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PAGE 2 Black Forest Broadcasting New

email: gerrimiller@pennswoods.net; phone: 814-544-7479; fax 814-544-7795



A  Bradford County resident  who was involved in a one-vehicle accident around 7:30 on last Sunday morning on State Route 6 in Troy Township has been turned over to immigration and Customs enforcement agents. State police  say that 22 year old Hector Villanueva fell asleep at the wheel of the 2003 Chevrolet Avalanche he was driving striking a utility pole then going down an embankment and while interviewing him, they determined he was in the country illegally.




The Pennsylvania State Police, Troop C, Ridgway, continue their investigation of a robbery that occurred in Jay Township, Elk County, Pennsylvania. 

On Sunday, April 25, 2010, at 8:43 p.m., an unknown suspect entered the Bennetts Valley Pharmacy through the front door.  He was brandishing a folding knife, dull gray in color.  He jumped over the front counter and grabbed the cashier.  He then demanded money from the cash register.  The unknown suspect also removed additional currency from underneath the front counter.  He then fled the building through the front door. No description of the suspect was available but police say he was wearing light colored blue jeans, dark blue hooded sweatshirt, black ski mask and brown colored boots .  A cash reward is also offered for information leading to an arrest for a homicide that occurred between April 10 and April 12, 2010, in Snyder Township, Jefferson County, Pennsylvania. The case is being investigated by Ridgway-based state police.


The victim’s, James Wayne Shugar and Victoria Lynn Shugar, both age 61, were found shot to death in their home located in Brockway, Snyder Township, Jefferson County, Pennsylvania.  They were the owners and operators of Flowers and More, located on Main Street in Brockway.  The victims were last believed to be alive on Saturday, April 10, 2010, and were discovered on Monday, April 12, 2010.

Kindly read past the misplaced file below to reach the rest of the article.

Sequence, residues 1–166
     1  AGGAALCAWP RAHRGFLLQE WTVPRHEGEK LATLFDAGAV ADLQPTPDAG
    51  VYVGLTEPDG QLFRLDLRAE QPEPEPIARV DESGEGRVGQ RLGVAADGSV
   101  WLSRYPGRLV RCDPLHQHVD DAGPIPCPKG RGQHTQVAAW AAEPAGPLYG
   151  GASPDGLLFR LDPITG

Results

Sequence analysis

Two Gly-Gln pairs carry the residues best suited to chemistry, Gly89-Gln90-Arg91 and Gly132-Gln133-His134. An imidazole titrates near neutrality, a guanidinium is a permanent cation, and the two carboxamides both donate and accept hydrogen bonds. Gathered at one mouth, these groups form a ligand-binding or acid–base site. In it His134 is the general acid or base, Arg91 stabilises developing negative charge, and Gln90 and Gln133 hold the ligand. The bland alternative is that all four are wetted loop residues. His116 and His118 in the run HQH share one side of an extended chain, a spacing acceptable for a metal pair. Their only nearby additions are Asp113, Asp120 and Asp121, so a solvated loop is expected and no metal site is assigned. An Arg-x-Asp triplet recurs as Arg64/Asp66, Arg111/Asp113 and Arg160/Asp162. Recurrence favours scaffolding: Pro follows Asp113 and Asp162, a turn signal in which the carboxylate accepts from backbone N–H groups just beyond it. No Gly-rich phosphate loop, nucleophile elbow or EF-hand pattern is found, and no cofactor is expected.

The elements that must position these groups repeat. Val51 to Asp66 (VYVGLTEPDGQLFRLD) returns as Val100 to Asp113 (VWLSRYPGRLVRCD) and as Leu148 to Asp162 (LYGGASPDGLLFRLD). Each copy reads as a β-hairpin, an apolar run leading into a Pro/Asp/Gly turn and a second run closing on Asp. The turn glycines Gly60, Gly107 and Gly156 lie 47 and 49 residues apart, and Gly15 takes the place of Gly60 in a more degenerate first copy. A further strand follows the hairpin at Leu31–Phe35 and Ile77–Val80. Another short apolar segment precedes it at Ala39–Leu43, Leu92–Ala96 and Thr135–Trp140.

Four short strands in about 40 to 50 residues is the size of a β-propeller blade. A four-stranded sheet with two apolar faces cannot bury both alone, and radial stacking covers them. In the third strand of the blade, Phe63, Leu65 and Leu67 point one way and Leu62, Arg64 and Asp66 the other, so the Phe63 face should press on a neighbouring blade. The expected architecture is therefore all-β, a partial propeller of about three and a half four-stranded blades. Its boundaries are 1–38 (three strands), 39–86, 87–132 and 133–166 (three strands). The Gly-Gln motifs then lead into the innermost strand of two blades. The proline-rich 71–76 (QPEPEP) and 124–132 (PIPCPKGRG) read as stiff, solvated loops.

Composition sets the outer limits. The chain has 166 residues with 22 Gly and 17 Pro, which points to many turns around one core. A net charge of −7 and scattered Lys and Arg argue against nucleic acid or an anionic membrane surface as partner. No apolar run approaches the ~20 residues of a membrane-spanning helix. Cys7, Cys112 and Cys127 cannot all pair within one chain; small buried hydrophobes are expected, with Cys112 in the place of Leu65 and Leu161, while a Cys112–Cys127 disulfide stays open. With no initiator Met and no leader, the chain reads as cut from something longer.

WHAT YOU CAN DO:  If you have information on either of these incidents or any serious crime or wanted person, call Pennsylvania Crime Stoppers Toll Free at 1-800-4PA-TIPS.  All callers remain anonymous and could be eligible for a cash reward.




 Motorists statewide will soon hear important safety messages from high school students as PennDOT today released the winning entries of its second annual “Drive Safe PA” radio public service announcement contest, held in conjunction with National Youth Traffic Safety Month. The 11 winning entries, one in each PennDOT engineering district, focused on unsafe driving behaviors such as distracted driving, not buckling up, and impaired and aggressive driving. Contest winners were notified in April and recently traveled to Harrisburg to have their PSAs professionally recorded. The winning entries can be heard on PennDOT’s highway safety website, www.DriveSafePA.org.